joint research (VDF, 2004-)
  • Into bilateral industrial actions supporting
    industry promotion (2008-) new industrial
    strategy initiative (2011-, under preparation)

Ishikawa Project in Vietnam
  • Tasks
  • Macroeconomic stabilization
  • Structural adjustment (systemic transition to
    market economy)
  • Long-term development strategy

Vietnam Transition economy

Advice on the implementation issues of the 6th
Five-Year Plan, including participation in
AFTA/APEC/WTO and industrial policy
Advice on the emerging issues arising from the
East Asian crises and the economic integration
Advice on the formulation of the 7th Five-Year
Advise on the drafting process of the 6th
Five-Year Plan
  • Follow-up Phase (98.7-99.7)
  • General commentary
  • Fiscal and monetary matters
  • Industry and trade
  • Agricultural and rural development
  • Phase 3 (99.9-01.3)
  • General commentary
  • Fiscal and financial reform
  • Trade and industry
  • Agricultural and rural development
  • SOE reform and private sector development
  • Phase 1 (95.8-96.6)
  • Macro-economy
  • Fiscal and monetary policy
  • Industrial policy
  • Agricultural and rural development
  • Phase 2 (96.7-98.3)
  • Fiscal and monetary policy
  • Participation in AFTA/ APEC/ WTO and
    industrial policy
  • Agricultural and rural development
  • SOE reform

Follow up
  • Joint research (2001- )
  • Agriculture and rural development (livestock,
    vegetable, fruits and industrial crops, etc.)
  • Monetary policy under partial dollarization
  • Fiscal policy (introduction of personal income
  • Trade and industrial policies in the age of
    integration (NEU-JICA joint research program

Source MPI and JICA, Study on the Economic
Development Policy inthe Transition toward a
Market-Oriented Economy In the Socialist
Republicof Viet Nam (Phase 3) Final Report Vol.
General Commentary, 2001, pp.iii-vi.JICA
Vietnam Office, Executive Summary of Ishikawa
Project Phase 3, March 29, 2002.
Japan-Ethiopia Industrial Policy Dialogue
  • Japan has been providing industrial cooperation
    to Ethiopia, consisting of two components, at the
    request of Prime Minister Meles who has strong
    interest in East Asian development experiences.
  • Policy dialogue (JICA-GRIPS, June 2009- ) high
    level and working level dialogue on industrial
    development strategy, from East Asian
    perspectives (every 3 months).
  • Kaizen quality productivity improvement
    project (JICA consultants, from fall 2009)
    teaching continuous and participatory improvement
    at pilot factories.

Kaizen, in Japanese management, means continuous
improvement of productivity and quality without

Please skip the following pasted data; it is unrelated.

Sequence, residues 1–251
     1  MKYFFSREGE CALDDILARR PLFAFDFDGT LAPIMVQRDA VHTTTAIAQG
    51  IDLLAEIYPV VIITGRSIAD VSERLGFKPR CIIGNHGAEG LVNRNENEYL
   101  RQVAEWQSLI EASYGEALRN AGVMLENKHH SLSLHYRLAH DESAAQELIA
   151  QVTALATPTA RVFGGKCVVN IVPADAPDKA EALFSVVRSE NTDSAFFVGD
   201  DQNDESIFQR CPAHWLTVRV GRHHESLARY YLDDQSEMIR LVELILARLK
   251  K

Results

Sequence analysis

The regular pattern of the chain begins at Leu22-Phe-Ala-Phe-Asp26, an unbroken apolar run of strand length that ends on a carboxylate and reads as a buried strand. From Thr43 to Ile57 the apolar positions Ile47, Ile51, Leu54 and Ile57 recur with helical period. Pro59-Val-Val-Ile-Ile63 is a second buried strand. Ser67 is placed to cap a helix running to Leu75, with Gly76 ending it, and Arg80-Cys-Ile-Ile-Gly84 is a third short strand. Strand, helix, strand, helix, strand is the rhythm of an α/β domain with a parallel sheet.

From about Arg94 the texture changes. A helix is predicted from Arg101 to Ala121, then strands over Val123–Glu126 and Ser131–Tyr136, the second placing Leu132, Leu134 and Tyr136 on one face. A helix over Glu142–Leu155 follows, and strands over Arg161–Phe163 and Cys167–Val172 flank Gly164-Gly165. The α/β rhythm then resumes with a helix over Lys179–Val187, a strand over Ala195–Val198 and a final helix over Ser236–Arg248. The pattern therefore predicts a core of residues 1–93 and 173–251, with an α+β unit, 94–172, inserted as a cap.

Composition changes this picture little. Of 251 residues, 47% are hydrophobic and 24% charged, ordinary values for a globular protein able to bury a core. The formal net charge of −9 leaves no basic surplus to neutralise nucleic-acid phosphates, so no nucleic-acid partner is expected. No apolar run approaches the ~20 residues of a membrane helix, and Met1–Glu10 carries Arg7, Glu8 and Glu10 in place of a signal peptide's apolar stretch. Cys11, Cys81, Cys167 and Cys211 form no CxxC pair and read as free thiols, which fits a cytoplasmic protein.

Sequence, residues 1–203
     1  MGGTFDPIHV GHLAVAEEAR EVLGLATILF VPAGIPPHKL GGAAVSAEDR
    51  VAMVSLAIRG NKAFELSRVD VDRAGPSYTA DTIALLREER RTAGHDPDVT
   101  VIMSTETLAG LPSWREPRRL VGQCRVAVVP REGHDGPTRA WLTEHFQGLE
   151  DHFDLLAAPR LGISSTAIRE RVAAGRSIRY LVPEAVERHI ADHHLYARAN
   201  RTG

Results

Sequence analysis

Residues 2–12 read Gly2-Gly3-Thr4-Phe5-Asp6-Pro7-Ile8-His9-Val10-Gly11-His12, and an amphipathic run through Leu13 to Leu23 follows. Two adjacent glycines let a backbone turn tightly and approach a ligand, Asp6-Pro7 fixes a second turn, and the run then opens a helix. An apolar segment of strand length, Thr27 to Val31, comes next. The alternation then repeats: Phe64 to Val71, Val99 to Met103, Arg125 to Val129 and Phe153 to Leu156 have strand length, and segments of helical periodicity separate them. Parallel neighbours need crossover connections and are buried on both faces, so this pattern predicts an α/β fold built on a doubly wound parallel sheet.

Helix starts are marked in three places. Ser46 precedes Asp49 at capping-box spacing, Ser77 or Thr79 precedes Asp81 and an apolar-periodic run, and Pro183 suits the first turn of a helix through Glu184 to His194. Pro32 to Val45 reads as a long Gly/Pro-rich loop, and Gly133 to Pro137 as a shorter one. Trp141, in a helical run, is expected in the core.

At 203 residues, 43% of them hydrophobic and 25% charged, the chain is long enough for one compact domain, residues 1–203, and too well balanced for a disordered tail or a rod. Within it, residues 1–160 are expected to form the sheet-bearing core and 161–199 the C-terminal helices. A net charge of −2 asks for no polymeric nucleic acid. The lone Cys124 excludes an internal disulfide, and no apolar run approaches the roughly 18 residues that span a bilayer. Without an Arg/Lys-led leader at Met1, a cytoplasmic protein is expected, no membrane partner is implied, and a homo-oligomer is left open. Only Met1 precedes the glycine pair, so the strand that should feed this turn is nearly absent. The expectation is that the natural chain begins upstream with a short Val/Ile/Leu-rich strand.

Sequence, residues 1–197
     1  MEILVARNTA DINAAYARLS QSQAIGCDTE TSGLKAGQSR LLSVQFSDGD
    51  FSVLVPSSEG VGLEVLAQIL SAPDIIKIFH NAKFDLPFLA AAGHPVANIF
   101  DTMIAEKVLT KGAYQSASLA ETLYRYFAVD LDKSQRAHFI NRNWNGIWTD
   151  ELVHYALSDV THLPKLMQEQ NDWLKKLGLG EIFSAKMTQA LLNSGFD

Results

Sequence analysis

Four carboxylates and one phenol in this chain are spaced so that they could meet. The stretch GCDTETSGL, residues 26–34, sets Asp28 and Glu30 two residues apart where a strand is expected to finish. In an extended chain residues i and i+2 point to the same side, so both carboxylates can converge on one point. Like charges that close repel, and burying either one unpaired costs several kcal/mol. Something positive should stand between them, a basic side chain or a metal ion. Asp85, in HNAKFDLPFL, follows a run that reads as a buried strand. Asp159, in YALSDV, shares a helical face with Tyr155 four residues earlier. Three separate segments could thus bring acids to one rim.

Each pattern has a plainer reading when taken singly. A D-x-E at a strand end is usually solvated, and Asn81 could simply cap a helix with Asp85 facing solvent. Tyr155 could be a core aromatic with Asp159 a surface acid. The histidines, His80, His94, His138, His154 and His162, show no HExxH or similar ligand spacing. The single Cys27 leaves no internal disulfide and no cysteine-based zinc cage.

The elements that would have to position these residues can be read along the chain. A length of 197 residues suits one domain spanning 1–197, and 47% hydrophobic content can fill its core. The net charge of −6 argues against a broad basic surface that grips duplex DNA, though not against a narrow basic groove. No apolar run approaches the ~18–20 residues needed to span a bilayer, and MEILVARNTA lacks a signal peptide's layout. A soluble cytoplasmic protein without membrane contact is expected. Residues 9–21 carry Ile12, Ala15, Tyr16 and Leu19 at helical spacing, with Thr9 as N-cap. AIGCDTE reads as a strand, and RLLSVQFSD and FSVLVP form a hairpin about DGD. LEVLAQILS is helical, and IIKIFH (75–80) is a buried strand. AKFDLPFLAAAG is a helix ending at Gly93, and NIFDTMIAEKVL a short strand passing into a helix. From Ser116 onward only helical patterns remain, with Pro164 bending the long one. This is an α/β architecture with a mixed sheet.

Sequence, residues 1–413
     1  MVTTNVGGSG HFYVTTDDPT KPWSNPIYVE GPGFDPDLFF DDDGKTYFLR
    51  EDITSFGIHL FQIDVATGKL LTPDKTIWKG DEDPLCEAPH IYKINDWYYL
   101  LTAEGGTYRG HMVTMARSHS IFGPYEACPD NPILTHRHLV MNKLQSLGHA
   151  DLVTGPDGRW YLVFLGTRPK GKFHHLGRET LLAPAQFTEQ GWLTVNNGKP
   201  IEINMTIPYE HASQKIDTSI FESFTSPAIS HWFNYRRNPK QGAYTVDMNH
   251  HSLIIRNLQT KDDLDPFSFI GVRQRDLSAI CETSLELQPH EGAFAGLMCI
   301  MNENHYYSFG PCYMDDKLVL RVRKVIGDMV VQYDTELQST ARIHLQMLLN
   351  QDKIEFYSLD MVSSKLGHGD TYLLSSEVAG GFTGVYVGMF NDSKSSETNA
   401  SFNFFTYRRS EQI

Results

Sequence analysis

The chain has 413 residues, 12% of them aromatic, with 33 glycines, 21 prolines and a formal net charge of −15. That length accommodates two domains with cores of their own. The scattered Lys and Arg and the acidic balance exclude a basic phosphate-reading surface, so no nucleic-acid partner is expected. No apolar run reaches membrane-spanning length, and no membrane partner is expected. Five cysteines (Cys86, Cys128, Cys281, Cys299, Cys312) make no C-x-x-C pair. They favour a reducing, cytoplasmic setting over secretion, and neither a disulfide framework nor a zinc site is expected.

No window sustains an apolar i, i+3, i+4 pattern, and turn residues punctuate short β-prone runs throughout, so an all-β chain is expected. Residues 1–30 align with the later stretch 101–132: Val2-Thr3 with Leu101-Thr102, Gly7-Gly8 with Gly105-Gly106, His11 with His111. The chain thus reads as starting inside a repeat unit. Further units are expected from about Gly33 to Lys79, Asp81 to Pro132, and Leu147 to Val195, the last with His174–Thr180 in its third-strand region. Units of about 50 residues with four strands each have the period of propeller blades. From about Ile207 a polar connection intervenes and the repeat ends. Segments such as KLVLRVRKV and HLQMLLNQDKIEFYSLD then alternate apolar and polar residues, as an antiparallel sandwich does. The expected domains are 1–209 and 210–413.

additional cost, in a participatory process and
a bottom-up approach
GRIPS-JICA Industrial Policy Dialogueand
Industrial Support Projects (Phase 1 2009-11)
IPD conference July 2008
Official launch June 2009
Industrial policy dialogue
May 2011
Interim Report
Final Report
Black square indicates policy dialogue session
in Addis Ababa with (i) prime minister, (ii)
concerned ministers and state ministers, and
(iii) operational levels.
Kaizen pilot project (30 firms)
Industrial support projects
Institutionalization of kaizen
(To be continued)
Basic metal engineering study
(With ECBP)
(3) Regional Development with Core Infrastructure
  • Large infrastructure such as roads, ports and
    power has broad effects.
  • Policies and aid should be organized around core
    infrastructure for maximum impact.

Service deliveryMicro financeTraining
Rural development
Remote area or another country
Truck terminal
New Highway
Port improve-ment
One stop serviceFDI marketingTraffic
safetyFeeder roadsHousing
Regional Development with Core Infrastructure
  • Greater Mekong Subregion East-West and
    North-South Corridors for development of
  • Thailand Eastern Seaboard creation of
    industrial zones around a port infrastructure
  • Indonesia Brantas River Basin development
  • Vietnam Highway No.5 (Hanoi Haiphong Port)
    for FDI attraction (industrial clusters)
  • Cambodia Sihanoukville Port, power and telecom
    networks, special economic zone
  • El Salvador La Union Port regional
  • Mozambique Nacala Corridor for regional

The Vision for GMS in Southeast Asia (Source
Indonesia Brantas River Basin Development Region
al development around hydropower and irrigation
(Source JBIC)
El Salvador Growth Diagnostics vs. Japans ODA
  • Hausmann-Rodrik Growth Diagnostics 2003 The
    largest constraint in El Salvador is the lack of
    self-discovery caused by market failure (low
    appropriability). Infrastructure is not a binding
  • Local Report 2008 (FUSADES) Our infrastructure